While performing, Freed prefers to avoid eye contact with the audience, while Fox often does so subconsciously. “Half of it is acted, but half of it is quite real, and it’s intimate,” Fox says, “so I end up actually interacting with people strangely or looking at people very directly, when maybe I’m not really meaning to.” At a performance in Tokyo last year, for example, audience members, alarmed at what they saw, began to intervene. “What you see in the performance is two people being in an extreme struggle, and in Tokyo, people started to help us,” Freed explains. “That’s not really what we want, but they reacted that way,” Fox adds. They note that they’ve never experienced such a reaction in Europe.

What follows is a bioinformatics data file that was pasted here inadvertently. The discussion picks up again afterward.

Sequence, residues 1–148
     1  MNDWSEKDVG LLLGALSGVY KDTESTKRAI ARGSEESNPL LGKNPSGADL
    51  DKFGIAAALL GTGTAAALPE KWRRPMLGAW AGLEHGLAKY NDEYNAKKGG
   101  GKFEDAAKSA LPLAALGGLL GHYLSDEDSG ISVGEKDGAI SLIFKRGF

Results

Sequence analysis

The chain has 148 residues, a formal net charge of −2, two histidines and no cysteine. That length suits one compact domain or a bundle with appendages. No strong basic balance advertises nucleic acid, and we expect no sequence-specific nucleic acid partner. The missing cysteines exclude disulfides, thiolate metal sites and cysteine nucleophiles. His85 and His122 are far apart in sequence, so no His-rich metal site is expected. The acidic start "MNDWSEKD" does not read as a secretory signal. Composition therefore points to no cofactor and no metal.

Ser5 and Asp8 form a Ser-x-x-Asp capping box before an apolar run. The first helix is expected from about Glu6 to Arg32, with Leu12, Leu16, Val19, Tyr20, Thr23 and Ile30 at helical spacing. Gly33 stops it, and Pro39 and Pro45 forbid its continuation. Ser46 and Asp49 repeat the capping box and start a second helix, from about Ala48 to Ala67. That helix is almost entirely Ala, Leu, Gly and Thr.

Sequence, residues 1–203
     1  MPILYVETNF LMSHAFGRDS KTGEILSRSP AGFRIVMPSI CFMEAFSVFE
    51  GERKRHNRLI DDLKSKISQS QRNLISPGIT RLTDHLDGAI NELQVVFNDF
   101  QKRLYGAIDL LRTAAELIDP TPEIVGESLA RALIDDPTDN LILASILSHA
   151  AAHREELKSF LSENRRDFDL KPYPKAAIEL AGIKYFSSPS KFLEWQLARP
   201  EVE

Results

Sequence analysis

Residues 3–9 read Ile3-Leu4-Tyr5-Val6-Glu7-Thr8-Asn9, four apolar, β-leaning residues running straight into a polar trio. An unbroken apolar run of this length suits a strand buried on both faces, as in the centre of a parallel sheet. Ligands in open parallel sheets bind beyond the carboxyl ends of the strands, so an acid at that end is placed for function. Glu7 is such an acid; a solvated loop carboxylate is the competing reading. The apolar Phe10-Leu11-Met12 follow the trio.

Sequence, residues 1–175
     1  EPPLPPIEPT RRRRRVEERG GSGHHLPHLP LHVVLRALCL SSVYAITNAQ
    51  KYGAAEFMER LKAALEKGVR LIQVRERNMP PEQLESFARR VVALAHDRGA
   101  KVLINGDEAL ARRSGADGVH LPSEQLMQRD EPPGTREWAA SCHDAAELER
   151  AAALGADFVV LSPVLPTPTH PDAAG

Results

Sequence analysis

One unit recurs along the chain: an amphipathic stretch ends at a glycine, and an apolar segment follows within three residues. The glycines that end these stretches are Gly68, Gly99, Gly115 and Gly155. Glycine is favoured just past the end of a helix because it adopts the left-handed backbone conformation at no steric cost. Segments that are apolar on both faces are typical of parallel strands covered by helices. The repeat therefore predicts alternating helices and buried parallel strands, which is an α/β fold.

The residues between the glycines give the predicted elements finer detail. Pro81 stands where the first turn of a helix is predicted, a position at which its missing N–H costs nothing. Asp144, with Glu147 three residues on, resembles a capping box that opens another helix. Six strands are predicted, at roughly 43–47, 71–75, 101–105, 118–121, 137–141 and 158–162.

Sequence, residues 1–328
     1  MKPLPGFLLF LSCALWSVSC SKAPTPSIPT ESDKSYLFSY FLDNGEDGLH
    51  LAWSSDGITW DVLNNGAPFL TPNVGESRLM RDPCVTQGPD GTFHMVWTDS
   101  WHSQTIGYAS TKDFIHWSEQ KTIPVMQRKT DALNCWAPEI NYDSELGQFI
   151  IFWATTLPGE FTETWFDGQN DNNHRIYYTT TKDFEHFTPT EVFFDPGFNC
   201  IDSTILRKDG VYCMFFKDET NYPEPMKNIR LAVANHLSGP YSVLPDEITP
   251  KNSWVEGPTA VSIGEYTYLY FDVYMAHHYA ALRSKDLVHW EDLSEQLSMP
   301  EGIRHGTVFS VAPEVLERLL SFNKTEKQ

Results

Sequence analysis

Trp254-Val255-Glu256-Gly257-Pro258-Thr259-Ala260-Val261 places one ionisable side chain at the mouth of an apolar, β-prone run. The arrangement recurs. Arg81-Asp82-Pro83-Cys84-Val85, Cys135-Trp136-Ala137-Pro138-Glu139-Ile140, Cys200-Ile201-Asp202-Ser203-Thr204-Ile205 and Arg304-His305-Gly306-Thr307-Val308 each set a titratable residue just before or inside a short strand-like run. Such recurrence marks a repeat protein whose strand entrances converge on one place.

When I ask about the origins of the name New Noveta, the artists insist that it’s unimportant to their practice. Indeed, it’s difficult to apply words to what they’re creating. Perhaps it’s due to the slippery nature of the work—existing somewhere between performance, sound, and visual art. Or maybe it’s the urgency and intensity inherent to every showing; the way in which, during performances, the artists move as though they’ve been charged with electric currents. In the end, it may be best to surmise that New Noveta is nothing if not new.